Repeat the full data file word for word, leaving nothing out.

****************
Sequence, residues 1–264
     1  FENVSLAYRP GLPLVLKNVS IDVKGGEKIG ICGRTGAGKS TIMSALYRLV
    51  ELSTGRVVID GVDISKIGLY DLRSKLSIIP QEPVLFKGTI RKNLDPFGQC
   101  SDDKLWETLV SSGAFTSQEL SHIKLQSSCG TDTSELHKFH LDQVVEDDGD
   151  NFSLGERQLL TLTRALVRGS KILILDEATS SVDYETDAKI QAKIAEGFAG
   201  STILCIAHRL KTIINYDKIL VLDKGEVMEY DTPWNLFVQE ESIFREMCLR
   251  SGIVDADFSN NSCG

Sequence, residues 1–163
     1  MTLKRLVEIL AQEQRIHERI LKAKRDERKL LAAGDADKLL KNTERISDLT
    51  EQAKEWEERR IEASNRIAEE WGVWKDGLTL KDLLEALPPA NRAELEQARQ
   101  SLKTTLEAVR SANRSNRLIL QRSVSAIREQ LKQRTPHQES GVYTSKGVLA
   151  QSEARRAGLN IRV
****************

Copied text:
Sequence, residues 1–264
     1  FENVSLAYRP GLPLVLKNVS IDVKGGEKIG ICGRTGAGKS TIMSALYRLV
    51  ELSTGRVVID GVDISKIGLY DLRSKLSIIP QEPVLFKGTI RKNLDPFGQC
   101  SDDKLWETLV SSGAFTSQEL SHIKLQSSCG TDTSELHKFH LDQVVEDDGD
   151  NFSLGERQLL TLTRALVRGS KILILDEATS SVDYETDAKI QAKIAEGFAG
   201  STILCIAHRL KTIINYDKIL VLDKGEVMEY DTPWNLFVQE ESIFREMCLR
   251  SGIVDADFSN NSCG

Sequence, residues 1–163
     1  MTLKRLVEIL AQEQRIHERI LKAKRDERKL LAAGDADKLL KNTERISDLT
    51  EQAKEWEERR IEASNRIAEE WGVWKDGLTL KDLLEALPPA NRAELEQARQ
   101  SLKTTLEAVR SANRSNRLIL QRSVSAIREQ LKQRTPHQES GVYTSKGVLA
   151  QSEARRAGLN IRV